The 2018 midterm elections are just a week away, and millions of Americans are expected to head to the polls to exercise their right to vote.

Voting is one of America’s most cherished democratic liberties, and it has a long and storied history. While the founding fathers saw voting as a fundamental component of the democracy and perfect union they sought to create, the right to vote was denied for many populations for centuries of US history.

In the beginning of the republic, voting was mainly restricted to property-owning white men, which would later be extended to all white men. While the right to vote was also eventually granted to women with the 19th Amendment in 1920, white women were the main beneficiaries.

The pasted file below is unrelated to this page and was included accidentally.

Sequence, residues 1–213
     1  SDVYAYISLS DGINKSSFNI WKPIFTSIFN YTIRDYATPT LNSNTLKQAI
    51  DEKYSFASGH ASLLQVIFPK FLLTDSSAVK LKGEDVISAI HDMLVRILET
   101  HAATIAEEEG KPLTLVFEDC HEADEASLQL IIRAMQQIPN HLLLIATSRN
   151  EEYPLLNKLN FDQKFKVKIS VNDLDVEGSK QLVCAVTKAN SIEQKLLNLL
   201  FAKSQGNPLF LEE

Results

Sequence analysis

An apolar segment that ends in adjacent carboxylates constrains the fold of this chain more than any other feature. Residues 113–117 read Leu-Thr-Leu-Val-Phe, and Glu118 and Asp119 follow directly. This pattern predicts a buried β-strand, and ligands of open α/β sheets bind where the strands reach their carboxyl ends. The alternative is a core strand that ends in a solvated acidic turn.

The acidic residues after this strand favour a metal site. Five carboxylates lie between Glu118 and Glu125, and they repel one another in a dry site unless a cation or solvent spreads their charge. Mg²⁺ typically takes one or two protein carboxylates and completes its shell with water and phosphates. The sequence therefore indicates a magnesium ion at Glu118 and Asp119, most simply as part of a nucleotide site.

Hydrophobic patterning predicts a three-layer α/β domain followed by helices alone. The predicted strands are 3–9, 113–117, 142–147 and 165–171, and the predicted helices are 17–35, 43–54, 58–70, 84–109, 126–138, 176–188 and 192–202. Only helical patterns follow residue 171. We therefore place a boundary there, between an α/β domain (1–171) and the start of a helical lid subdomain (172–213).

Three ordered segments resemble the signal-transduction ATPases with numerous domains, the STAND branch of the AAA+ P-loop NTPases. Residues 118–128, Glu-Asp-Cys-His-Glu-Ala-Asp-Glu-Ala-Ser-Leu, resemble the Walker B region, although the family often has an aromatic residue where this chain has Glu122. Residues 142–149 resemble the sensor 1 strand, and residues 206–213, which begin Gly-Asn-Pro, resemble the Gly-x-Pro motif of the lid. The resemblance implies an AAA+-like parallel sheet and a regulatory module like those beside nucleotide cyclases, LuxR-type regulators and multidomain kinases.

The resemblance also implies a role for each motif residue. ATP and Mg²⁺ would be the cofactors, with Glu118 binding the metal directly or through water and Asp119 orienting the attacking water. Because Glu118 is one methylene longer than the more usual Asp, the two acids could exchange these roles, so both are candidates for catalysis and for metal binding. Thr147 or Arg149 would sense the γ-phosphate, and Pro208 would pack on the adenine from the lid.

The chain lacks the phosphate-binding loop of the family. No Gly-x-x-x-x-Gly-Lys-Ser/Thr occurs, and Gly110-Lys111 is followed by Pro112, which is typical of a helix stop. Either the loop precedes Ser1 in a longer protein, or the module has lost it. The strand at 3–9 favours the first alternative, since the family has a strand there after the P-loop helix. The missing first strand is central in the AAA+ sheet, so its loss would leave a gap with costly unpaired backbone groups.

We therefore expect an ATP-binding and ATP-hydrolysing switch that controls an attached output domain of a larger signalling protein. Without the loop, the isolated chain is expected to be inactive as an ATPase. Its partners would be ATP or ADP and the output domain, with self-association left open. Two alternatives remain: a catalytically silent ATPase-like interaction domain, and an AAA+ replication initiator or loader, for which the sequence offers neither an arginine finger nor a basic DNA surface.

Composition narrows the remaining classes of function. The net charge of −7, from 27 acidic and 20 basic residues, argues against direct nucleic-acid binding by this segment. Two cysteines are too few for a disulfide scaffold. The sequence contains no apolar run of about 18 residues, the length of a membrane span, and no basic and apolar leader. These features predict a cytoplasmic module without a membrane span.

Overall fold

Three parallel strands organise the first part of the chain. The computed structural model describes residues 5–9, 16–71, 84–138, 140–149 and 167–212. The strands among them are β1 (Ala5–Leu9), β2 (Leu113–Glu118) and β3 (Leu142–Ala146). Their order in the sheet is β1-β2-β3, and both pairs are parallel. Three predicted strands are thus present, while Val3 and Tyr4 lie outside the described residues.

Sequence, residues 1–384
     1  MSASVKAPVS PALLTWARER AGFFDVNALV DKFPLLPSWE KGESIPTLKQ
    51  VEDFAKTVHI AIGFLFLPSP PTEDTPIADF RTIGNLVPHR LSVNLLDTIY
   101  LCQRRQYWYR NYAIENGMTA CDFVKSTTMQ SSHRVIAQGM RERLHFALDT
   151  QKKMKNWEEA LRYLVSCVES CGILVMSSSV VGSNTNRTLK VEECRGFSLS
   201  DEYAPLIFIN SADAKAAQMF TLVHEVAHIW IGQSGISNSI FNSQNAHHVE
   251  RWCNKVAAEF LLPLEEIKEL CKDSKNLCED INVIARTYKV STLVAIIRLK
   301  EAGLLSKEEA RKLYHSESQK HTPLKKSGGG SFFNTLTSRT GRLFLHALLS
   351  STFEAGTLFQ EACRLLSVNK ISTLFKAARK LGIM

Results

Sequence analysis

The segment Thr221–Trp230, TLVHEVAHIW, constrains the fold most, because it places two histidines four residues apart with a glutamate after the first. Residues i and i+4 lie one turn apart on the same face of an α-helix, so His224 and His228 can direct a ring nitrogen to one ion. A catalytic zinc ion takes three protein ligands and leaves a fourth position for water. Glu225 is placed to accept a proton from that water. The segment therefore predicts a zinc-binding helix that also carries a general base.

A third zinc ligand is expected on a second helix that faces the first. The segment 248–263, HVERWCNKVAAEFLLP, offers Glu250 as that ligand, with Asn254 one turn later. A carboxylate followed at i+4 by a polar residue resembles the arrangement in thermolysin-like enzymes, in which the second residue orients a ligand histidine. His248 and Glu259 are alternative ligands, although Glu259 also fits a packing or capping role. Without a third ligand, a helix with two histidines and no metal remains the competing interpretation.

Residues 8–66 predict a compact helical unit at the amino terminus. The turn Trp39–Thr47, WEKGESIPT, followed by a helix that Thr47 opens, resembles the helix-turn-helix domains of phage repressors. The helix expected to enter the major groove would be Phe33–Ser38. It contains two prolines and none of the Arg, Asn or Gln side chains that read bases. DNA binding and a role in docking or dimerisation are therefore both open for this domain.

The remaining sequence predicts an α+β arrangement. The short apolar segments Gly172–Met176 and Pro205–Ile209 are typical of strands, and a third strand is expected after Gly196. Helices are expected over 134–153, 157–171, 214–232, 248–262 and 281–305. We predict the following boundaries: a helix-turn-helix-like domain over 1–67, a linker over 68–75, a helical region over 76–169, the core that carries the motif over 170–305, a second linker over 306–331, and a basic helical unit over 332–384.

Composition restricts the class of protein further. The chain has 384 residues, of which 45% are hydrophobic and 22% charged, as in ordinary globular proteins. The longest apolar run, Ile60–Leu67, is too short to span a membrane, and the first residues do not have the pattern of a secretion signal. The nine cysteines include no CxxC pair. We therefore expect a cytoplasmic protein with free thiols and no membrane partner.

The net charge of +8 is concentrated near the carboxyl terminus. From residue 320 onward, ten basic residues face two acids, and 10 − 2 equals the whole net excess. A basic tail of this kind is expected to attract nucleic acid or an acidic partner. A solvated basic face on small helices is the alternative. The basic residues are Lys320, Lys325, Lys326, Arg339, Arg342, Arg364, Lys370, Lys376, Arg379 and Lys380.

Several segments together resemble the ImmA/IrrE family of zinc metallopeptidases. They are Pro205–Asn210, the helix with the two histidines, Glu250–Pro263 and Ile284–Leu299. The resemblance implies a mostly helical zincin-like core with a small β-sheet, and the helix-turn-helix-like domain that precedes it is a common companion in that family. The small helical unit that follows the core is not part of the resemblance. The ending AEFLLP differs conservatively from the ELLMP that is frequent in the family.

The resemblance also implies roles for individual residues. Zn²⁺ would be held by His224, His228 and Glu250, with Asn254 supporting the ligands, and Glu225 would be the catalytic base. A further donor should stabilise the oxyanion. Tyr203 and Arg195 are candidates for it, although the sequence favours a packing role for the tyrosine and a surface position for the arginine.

Men and women of color would continue to fight to battle discriminatory voting practices for decades even after technically receiving the right to vote, culminating in the historic civil rights movement of the 1950s and 1960s, which led to landmark legislation that transformed American voting rights.

But even today, activists and civil rights groups are continuing to fight voting laws they see as discriminatory.

Here’s a look at how voting rights in America have evolved over the centuries, and what issues remain today:

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